New Ford study is evidence of improving quality
Ford revealed today that it has taken steps to provide some objective data to support improvements in quality that are beginning to pay off. In conjunction with RDA Group, a market research firm based in Bloomfield Hills, Ford has released details of the Global Quality Research System (GQRS) report, a survey of 31,000 new vehicle owners. The survey focused on 2007 model year cars and trucks and asked participants to list any problems experienced within the first 90 days of ownership.
Normally we would question a study about vehicle quality that was associated with a particular automaker, as there are some pretty clear conflicts of interest that could taint the results. However, the results of this study appear not to favor Ford in particular, as Honda was found to be the best brand when it comes to new car quality, earning a TGW score of 1313 "things gone wrong" per 1,000 vehicles. Ford's TGW score of 1,456, which includes both Lincoln and Mercury vehicles, placed it in a virtual three-way tie for second place with Toyota (1,453) and Nissan (1,456). The victory is a bit more significant for Ford than Toyota or Nissan since it represents an 8% improvement for the domestic manufacturer over last year, which is well ahead of the industry's average improvement of 2%.
After the jump you'll find out how some individual models scored on the survey.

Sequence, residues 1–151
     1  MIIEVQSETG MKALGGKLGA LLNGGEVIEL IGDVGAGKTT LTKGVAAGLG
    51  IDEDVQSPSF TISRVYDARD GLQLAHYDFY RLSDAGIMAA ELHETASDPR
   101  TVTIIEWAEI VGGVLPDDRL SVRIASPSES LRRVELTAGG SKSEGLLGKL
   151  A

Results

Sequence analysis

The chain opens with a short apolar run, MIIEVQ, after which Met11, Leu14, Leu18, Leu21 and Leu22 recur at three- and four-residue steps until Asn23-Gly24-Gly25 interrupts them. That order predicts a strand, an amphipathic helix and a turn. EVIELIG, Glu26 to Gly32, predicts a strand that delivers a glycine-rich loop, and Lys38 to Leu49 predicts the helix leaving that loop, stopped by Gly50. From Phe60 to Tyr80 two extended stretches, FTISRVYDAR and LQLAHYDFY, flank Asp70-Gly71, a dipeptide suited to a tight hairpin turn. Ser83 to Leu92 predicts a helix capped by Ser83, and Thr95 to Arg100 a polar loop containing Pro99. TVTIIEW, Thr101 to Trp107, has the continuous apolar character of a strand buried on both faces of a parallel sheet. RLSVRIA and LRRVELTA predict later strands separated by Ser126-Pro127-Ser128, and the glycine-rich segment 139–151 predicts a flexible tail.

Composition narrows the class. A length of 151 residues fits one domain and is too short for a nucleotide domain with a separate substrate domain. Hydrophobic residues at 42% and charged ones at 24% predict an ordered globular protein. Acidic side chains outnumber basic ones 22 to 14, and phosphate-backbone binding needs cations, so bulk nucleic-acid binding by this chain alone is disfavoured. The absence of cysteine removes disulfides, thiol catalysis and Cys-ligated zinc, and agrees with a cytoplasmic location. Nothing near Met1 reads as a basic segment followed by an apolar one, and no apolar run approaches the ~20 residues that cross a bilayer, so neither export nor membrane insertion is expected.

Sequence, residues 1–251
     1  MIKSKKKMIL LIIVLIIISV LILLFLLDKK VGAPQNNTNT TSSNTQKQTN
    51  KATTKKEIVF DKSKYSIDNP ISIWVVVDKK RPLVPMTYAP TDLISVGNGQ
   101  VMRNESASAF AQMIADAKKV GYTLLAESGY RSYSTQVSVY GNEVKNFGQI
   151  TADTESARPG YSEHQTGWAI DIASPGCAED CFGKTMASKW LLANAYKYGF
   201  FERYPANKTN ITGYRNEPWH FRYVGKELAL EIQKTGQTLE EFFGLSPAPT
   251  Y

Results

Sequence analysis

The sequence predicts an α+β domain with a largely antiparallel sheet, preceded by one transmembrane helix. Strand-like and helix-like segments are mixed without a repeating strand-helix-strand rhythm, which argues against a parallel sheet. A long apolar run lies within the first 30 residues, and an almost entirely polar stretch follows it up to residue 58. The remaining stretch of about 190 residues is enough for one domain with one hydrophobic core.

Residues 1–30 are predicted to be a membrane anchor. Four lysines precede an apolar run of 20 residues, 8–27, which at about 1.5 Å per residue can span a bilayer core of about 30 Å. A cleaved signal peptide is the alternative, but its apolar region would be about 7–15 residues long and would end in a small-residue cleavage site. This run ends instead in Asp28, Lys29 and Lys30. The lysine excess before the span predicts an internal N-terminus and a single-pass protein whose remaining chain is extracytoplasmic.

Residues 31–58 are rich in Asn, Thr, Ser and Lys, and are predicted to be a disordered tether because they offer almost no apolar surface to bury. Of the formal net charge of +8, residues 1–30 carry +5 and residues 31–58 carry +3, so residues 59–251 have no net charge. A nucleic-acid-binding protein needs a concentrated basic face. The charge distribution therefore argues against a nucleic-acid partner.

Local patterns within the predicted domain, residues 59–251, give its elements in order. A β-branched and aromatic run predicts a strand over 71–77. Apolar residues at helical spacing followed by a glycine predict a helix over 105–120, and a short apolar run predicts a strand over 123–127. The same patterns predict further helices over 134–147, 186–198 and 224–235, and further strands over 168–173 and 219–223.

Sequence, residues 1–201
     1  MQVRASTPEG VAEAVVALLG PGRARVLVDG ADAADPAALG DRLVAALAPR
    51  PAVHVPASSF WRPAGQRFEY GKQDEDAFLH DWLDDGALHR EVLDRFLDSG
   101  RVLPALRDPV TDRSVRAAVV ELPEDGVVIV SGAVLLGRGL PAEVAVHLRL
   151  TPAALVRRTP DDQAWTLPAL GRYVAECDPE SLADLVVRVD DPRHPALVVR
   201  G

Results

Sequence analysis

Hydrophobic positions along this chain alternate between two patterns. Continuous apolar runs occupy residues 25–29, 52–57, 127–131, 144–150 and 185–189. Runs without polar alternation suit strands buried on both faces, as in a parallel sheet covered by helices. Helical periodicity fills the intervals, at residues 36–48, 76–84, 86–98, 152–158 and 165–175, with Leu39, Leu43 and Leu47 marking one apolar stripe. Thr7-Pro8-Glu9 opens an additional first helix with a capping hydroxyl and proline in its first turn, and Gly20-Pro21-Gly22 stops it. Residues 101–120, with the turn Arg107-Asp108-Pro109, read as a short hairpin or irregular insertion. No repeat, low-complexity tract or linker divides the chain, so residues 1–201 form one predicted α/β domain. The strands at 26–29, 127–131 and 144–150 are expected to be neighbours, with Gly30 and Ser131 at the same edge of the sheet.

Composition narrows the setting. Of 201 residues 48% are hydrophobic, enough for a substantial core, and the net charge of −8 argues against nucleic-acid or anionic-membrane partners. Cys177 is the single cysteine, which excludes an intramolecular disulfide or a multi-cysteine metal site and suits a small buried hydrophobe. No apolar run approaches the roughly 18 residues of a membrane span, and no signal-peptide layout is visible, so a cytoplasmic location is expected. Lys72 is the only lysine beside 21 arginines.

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[Source: Ford, Detroit News]
We don't have the TGW score for every model in the industry yet, just some Ford models, but the results are still surprising. For instance, the Mercury Milan and Ford Fusion had the two best TGW scores in the mid-size car segment, which includes the Toyota Camry and Honda Accord. The Fusion recorded a score of 1,066 "things gone wrong" per 1,000 vehicles, while the Milan achieved just 910, the lowest score of any Ford product.
The Ford Shelby GT500 and Expedition EL also acheived the lowest TGW score in their segments, though we don't have the exact numbers yet. When the report is released in full, we'll hopefully be able to publish the scores of all vehicles to get a better picture of the industry's quality leaders. It turns out, though, that Ford is fast becoming one of them.
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